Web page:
Getting to Know: A/V aficionado hits all the right notes
Wherever there is a Wayne State University event, you will find Dan Gamlin working behind the scenes.
With more than 20 years at the WSU Libraries in various audio/visual and special events roles, Gamlin has solidified his place in the A/V field. He’s also a product of Wayne State, graduating as a Tartar in 1996 with a bachelor’s in radio, television and digital communication.
But when Gamlin isn’t perfecting the sound and visual aids for WSU, he’s amplifying his own band, Groove Fellowship. Groove Fellowship was formed three years ago out of a musical relationship that began at Gamlin’s church along with his bandmates Shari Gamlin (vocals), Kevin Jackson (lead guitar), Lem Joyner (drums) and Lorenzo Veal (vocals). With Gamlin performing lead vocals and playing bass, the band puts out a mixture of gospel, jazz, funk and soul.
“We want to fill the musical gap that appeals to the jazz, gospel and R&B lover,” Gamlin, 46, said. “There aren’t a lot of places you can go in the metro area to hear original, good live music anymore.”
As the band continues to build its fan base, Groove Fellowship plays at bars, coffee houses and community festivals throughout the Detroit area. The band performs monthly at Great Lakes Coffee Roasting Company, located on Woodward and Alexandrine. The next performance will take place on Saturday, Jan. 14, at 7:30 p.m. The group began recording their second album during Christmas break and will push to have it done by spring.
Gamlin cites an eclectic mix of musical influences such as Stevie Wonder, The Police, John Coltrane and others.
“My influences can come from anywhere,” Gamlin said. “I’ll switch up to Parliament-Funkadelic, Prince and James Brown. On the gospel side, there’s Fred Hammond, and The Clark Sisters, and then I might find influence from Devo because they were able to go to a different place.”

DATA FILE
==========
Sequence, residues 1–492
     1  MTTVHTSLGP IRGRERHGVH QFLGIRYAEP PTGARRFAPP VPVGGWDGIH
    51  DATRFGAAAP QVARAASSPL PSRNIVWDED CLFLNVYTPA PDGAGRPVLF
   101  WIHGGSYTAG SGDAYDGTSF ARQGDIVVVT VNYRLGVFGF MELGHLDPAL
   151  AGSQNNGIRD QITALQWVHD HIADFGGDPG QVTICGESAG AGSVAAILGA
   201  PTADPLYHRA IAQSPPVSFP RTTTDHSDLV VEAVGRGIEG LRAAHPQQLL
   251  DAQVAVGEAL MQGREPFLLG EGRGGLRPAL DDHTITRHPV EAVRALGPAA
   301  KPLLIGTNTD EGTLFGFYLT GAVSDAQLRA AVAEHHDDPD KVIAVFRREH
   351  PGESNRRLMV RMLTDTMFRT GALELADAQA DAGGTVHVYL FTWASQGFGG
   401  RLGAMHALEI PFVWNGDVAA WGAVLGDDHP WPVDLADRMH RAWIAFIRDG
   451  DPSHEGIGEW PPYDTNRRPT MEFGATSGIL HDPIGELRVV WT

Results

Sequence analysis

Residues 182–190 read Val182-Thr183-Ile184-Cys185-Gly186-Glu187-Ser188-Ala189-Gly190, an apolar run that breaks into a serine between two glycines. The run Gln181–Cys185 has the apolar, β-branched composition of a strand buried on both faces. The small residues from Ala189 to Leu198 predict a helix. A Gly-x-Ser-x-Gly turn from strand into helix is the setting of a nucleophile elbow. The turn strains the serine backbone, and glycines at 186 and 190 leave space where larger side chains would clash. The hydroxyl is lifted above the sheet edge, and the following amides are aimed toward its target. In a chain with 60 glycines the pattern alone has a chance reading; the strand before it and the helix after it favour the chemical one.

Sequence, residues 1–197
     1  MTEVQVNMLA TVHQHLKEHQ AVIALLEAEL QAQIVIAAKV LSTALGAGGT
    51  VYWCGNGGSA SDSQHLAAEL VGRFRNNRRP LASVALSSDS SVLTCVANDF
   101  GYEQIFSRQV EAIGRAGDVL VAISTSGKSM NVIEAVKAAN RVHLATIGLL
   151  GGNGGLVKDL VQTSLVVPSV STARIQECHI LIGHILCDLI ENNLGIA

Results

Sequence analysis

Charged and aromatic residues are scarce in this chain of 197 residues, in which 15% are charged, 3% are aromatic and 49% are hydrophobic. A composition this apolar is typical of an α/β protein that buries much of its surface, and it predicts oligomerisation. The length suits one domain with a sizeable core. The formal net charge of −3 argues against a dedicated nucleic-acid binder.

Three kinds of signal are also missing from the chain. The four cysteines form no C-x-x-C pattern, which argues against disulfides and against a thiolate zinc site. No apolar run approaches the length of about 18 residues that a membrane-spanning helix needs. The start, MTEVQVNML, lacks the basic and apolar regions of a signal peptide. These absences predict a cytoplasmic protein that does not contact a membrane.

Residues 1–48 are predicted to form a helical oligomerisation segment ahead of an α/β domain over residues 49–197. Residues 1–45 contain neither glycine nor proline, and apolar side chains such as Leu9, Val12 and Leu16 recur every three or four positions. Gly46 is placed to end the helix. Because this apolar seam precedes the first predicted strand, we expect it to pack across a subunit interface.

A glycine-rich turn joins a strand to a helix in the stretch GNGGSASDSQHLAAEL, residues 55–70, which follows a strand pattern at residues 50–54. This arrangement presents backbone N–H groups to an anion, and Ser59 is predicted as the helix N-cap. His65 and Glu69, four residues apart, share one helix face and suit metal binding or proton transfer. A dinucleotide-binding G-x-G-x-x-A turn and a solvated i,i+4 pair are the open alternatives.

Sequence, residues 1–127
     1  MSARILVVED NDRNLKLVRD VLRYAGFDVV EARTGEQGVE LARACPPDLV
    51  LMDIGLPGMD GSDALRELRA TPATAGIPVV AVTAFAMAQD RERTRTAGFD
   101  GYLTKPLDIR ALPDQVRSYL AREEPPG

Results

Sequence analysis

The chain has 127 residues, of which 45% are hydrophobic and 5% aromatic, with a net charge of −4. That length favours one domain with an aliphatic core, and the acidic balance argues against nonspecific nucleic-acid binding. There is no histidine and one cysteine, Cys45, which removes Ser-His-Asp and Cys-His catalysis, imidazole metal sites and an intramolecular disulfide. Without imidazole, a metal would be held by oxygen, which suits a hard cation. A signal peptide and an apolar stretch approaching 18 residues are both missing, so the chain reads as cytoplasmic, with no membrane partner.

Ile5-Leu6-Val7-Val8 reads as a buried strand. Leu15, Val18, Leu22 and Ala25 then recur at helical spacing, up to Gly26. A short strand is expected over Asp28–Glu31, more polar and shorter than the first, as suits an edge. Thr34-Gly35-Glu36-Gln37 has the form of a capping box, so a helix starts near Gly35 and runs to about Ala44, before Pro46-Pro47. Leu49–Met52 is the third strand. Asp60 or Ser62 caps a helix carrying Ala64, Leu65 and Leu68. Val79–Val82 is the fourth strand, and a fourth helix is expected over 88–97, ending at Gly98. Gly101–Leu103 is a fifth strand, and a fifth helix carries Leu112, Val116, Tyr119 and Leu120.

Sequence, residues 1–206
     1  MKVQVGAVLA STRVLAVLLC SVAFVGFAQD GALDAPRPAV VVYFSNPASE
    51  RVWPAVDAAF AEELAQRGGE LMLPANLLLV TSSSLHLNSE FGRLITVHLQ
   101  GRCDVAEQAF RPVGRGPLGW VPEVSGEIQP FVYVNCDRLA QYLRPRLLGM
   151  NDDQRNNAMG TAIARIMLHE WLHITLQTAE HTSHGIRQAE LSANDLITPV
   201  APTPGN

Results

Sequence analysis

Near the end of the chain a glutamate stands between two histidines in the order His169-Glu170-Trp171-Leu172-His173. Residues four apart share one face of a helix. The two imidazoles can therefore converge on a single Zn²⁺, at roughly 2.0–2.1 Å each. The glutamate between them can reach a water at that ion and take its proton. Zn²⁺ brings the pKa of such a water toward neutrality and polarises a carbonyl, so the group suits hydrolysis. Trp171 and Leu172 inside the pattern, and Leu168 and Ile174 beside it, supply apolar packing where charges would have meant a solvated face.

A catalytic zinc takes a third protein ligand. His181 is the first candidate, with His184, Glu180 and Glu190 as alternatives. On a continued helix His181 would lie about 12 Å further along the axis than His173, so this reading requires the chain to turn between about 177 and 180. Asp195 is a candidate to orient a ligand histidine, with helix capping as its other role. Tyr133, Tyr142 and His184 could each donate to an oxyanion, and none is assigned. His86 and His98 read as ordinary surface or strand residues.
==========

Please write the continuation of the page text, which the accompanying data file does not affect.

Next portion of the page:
Gamlin’s love of music began at age 9 when he started playing the cello at school. It wasn’t his first instrument of choice. He wanted to play the upright bass, but a couple of his friends beat him to it.
“So I ended up playing other instruments such as the drums and guitar, and I wrote poetry in middle school,” Gamlin said. “Poetry was a simple transition to lyrics. I considered myself a songwriter. When I was younger, I just wanted to aspire to be an artist. I wasn’t sure which avenue I was going to go. I always liked writing, drawing … it was always in that vein of creativity.”
But throughout it all, Gamlin always heard the bass in every piece of music. It wasn’t until he turned 30 that he finally got to play the bass for good.
Gamlin’s many years of service with the libraries also has helped shape him in multiple ways with his band. He applies his technical expertise to set up the band’s sound system at shows. He has also become more thorough in making sure that they’re using quality, reliable equipment.
“I’m able to utilize all these skills with my band. I enjoy doing sound too, so that just carries right over into what I do,” he said.
Where many might consider it cumbersome to set up and take down all of their own equipment for each show, Gamlin doesn’t mind. “Showing up at a gig, having to set up speakers, microphones, hauling amps out of the car and setting them up quickly is a regular thing for me — it’s no big deal,” he said.
The countless hours Gamlin spends practicing and performing with Groove Fellowship have turned him into a perfectionist when it comes to working for the libraries. “When I have a gig, I make sure the band has rehearsed and we don’t look like we’re up there for the first time,” said Gamlin.
He applies the same standard at work.
“Special events are a one-time deal. You have to check the equipment and make sure it’s going to function properly,” he said. “I apply the principles of performing to the job. I want to make sure that everything is going to work well.”
Photo credit: Vincent Roberts, senior graphic designer, Wayne State University Libraries.